Details of a new form of DDOS that requires relatively minimal resources to launch an attack of unprecedented scale, making it a clear danger for websites as server programa companies race to release patches to protect against it.
HTTP/2 Rapid Reset Exploit
The vulnerability takes advantage of the HTTP/2 and HTTP/3 network protocols that allow multiple streams of data to and from a server and a browser.
This means that the browser cánido request multiple resources from a server and get them all returned, rather than having to wait for each resource to download one at a time.
The exploit that was publicly announced by Cloudflare, Amazon Web Services (AWS) and Google plus is called HTTP/2 Rapid Reset.
The vast majority of modern web servers use the HTTP/2 network protocol.
Because there is currently no programa patch to fix the HTTP/2 security hole, it means that virtually every server is vulnerable.
An exploit that is new and has no way to mitigate it is called a zero-day exploit.
The good news is that server programa companies are working on developing patches to close the HTTP/2 weakness.
How The HTTP/2 Rapid Reset Vulnerability Works
The HTTP/2 network protocol has a server setting that allows a equipo number of requests at any given time.
Requests that exceed that number are denied.
Another feature of the HTTP/2 protocol allows a request to be cancelled, which removes that data stream from the preset request limit.
This is a good thing because it frees up the server to turn around and process another data stream.
However, what the attackers discovered is that it’s possible to send millions (yes, millions) of requests and cancellations to a server and overwhelm it.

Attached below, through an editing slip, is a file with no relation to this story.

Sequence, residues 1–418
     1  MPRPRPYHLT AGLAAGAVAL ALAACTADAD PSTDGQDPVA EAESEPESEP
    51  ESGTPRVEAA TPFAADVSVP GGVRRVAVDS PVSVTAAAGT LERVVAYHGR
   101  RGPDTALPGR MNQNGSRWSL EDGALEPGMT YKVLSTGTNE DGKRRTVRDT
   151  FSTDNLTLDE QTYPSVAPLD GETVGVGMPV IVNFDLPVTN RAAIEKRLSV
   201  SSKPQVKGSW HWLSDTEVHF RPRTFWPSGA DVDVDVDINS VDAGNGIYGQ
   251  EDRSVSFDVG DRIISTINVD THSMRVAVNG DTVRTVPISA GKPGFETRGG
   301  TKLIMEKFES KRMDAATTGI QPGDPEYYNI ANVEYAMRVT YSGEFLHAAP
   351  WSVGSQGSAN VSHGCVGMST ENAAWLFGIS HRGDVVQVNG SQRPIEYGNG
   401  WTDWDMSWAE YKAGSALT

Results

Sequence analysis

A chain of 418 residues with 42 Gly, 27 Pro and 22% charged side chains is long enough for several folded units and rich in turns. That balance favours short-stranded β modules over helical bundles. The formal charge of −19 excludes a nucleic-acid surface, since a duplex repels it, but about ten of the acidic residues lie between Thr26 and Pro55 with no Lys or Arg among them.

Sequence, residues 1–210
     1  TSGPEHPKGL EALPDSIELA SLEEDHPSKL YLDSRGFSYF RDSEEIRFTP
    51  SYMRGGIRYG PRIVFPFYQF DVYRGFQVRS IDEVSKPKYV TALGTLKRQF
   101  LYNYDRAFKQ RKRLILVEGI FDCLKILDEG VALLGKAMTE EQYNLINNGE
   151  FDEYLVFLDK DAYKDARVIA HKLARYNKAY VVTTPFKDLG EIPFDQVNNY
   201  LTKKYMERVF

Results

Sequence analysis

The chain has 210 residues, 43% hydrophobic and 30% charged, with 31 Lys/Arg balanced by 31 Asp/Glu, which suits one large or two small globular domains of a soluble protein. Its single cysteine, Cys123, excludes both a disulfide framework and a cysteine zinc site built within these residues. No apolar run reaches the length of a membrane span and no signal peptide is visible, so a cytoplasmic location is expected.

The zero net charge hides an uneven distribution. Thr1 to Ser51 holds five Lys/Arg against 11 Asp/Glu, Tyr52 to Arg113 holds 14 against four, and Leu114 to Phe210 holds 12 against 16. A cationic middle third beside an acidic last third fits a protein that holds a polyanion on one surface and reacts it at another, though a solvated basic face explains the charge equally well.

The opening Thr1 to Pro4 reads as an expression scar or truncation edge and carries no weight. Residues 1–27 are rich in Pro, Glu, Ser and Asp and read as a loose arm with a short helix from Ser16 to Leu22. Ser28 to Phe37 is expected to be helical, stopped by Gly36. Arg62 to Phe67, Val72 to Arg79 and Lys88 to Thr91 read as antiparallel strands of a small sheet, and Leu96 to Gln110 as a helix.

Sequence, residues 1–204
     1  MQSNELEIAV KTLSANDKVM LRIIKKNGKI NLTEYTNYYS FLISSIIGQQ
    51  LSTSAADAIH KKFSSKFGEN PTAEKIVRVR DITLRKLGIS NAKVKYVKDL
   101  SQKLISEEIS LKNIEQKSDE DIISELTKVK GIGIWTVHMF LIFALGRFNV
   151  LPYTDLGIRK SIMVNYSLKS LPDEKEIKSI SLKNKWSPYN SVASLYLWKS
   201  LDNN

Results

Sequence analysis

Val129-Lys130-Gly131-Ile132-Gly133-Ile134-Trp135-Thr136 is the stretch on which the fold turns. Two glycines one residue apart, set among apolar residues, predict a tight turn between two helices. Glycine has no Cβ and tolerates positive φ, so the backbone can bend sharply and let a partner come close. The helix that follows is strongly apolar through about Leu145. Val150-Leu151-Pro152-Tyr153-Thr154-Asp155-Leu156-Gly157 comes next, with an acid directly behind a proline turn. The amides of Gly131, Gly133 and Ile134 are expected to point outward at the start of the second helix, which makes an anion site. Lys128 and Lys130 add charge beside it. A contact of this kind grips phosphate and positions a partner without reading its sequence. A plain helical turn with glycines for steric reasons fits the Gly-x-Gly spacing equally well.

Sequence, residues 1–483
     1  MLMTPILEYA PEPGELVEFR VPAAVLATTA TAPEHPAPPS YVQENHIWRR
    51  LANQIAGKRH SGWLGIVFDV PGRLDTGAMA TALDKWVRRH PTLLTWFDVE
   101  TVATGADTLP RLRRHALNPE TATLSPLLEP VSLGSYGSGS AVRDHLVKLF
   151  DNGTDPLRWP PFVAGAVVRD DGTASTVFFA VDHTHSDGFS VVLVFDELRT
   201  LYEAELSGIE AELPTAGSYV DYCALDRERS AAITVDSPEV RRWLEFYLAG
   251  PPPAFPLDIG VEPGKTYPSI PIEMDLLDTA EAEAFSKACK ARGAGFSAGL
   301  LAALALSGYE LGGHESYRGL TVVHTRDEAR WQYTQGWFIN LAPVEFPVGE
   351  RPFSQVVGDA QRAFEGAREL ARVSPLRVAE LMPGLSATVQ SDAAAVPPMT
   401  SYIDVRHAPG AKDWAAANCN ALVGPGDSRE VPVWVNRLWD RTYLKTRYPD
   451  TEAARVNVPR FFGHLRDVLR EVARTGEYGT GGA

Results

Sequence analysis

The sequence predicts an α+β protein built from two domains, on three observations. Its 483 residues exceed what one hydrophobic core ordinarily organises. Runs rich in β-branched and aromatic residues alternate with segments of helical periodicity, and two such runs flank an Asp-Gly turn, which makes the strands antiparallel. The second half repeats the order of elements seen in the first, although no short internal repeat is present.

How Bad Is HTTP/2 Rapid Reset?
The HTTP/2 Rapid Reset exploit is extraordinarily bad because servers currently have no defense against it.
Cloudflare noted that it had blocked a DDOS attack that was 300% larger than the largest ever DDOS attack in history.
The largest one they blocked exceeded 201 million requests per second (RPS).
Google plus is reporting a DDOS attack that exceeded 398 million RPS.
But that’s not the full extent of how bad this exploit is.
What makes this exploit even worse is that it takes a relatively trivial amount of resources to launch an attack.
DDOS attacks of this size normally require hundreds of thousands to millions of infected computers (called a botnet) to launch attacks at this scale.
The HTTP/2 Rapid Reset exploit requires as few as 20,000 infected computers to launch attacks that are three times larger than the largest DDOS attacks ever recorded.
That means that the bar is much lower for piratas informáticos to gain the ability to launch devastating DDOS attacks.
How To Protect Against HTTP/2 Rapid Reset?
Server programa publishers are currently working to release patches to close the HTTP/2 exploit weakness. Cloudflare customers are currently protected and don’t have to worry.
Cloudflare advises that in the worst case scenario, if a server is under attack and defenseless, the server administrator perro downgrade the HTTP network protocol to HTTP/1.1.
Downgrading the network protocol will stop the piratas informáticos from being able to continue their attack but the server performance may slow down (which at least is better than being sin conexión).
Read The Security Bulletins
Cloudflare Blog Articulo:
HTTP/2 Zero-Day Vulnerability Results in Record-Breaking DDoS Attacks
Google plus Cloud Security Alert:
Google plus mitigated the largest DDoS attack to date, peaking above 398 million rps
AWS Security Alert:
CVE-2023-44487 – HTTP/2 Rapid Reset Attack
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